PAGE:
The most naive man in the world, apparently, is Manny Fernandez, of the New York Times, who visits in a Long Island prison with Jeffrey Conroy, the local teenager just convicted of fatally stabbing a Hispanic man during a “beaner hopping” spree with his friends.
Mr. Fernandez is stunned, stunned I say, by the revelation that a convicted killer could have more than one side to his personality: He’s boyish, he loves his family, he used to help out around the neighborhood and was involved in youth sports! (He’s a lacrosse player, natch.)
Fernandez is also astounded by the seeming paradox of prejudice persisting unexamined in the mind of someone who knows several nonwhites. The story opens with an anecdote about that time that Conroy felt bad for a migrant worker, and contains many comically po-faced details: He “counted several Hispanics among his closest friends, including the girl he had been dating off and on for years, Pamela Suarez, who is Bolivian.”
And I love this:
Mr. Conroy’s life was typical of what it’s like growing up in the predominantly white middle-class towns and villages of eastern Long Island, but his experiences also had shades of diversity. He listened to Jay-Z, Nas and other black hip-hop artists. His half-sister from his father’s previous marriage is part Puerto Rican. One of his best friends is Turkish.
“I’m nothing like what the papers said about me,” Mr. Conroy said. “I’m not a white supremacist or anything like that. I’m not this serious racist kid everyone thinks I am.”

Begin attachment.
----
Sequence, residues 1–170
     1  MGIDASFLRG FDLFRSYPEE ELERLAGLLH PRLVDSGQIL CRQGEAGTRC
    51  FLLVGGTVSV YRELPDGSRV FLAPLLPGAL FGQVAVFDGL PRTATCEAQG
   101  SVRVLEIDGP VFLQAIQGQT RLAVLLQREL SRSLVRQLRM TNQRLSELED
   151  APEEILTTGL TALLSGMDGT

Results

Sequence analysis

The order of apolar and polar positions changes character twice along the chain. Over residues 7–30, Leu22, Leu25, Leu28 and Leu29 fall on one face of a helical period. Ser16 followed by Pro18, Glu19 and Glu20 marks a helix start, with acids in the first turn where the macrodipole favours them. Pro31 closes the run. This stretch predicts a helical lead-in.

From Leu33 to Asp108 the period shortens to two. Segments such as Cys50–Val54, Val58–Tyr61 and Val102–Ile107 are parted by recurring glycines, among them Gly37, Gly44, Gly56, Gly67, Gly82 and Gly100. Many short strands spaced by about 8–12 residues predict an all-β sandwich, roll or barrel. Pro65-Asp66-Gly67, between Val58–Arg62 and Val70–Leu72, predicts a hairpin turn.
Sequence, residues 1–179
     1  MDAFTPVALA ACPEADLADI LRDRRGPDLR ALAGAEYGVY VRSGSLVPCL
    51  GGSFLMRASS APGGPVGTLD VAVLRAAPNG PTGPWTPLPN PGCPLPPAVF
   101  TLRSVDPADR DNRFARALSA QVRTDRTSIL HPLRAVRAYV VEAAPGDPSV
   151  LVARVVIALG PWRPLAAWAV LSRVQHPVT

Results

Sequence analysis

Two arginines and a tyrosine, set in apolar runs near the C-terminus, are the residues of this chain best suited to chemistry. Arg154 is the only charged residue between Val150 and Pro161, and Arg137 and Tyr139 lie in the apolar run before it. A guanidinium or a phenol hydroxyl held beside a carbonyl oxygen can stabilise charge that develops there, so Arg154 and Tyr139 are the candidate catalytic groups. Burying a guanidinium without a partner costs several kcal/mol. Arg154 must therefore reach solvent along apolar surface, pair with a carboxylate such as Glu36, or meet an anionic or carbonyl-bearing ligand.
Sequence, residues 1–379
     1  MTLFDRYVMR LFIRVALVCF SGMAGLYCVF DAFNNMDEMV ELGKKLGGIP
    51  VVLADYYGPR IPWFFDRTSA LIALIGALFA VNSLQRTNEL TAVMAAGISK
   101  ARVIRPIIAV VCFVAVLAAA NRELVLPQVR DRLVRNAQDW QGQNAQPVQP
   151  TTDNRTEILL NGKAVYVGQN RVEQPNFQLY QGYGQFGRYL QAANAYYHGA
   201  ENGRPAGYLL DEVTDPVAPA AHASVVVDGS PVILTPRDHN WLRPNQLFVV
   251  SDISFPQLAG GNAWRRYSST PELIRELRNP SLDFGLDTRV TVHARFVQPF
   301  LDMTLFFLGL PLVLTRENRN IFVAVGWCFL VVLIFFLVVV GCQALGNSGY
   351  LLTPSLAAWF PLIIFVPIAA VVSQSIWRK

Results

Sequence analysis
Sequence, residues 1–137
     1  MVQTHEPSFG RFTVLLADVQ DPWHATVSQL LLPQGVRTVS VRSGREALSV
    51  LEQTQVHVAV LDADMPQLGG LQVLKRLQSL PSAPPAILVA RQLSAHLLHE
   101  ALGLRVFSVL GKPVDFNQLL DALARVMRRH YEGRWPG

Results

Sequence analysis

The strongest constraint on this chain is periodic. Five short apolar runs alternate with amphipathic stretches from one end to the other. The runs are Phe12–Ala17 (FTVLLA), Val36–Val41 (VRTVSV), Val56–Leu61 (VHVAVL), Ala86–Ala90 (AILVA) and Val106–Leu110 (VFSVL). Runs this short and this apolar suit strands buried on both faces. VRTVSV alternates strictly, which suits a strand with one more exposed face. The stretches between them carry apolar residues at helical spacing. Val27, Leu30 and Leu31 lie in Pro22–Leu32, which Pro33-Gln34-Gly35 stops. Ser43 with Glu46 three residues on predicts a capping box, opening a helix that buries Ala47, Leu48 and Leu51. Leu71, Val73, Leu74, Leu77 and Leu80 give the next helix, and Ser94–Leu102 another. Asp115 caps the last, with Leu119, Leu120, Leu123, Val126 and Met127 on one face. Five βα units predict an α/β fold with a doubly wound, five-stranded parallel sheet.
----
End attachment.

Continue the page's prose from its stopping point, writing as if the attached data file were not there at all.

No, of course not, how could be.
Ok, look. Typical raised-right teens with asshole streaks (which describes most popular adolescent males, really) will assert their status by seeming more unafraid than their peer group of transgressing boundaries. If you’re looking for an outlet for bravado, racial and ethnic taboos are always good ones, especially if (and this is an assumption on my part) you were taught to be-respectful-or-risk-a-whupping and not to consider wider contexts. (Or maybe a blindness to context is a universal aspect of adolescence?) Anyway, this is how getting a swastika tattooed on your leg “as a joke” happens, I guess.
I probably shouldn’t have to explain any of this to a reporter, who theoretically knows at least something of the world. Or maybe Fernandez thinks he’s cautiously demonstrating the concept of moral nuance to a feebleminded readership? By being over backward to demonstrate what a nice boy this is, that not everybody who’s killed someone bears the mark of the beast? Jesus.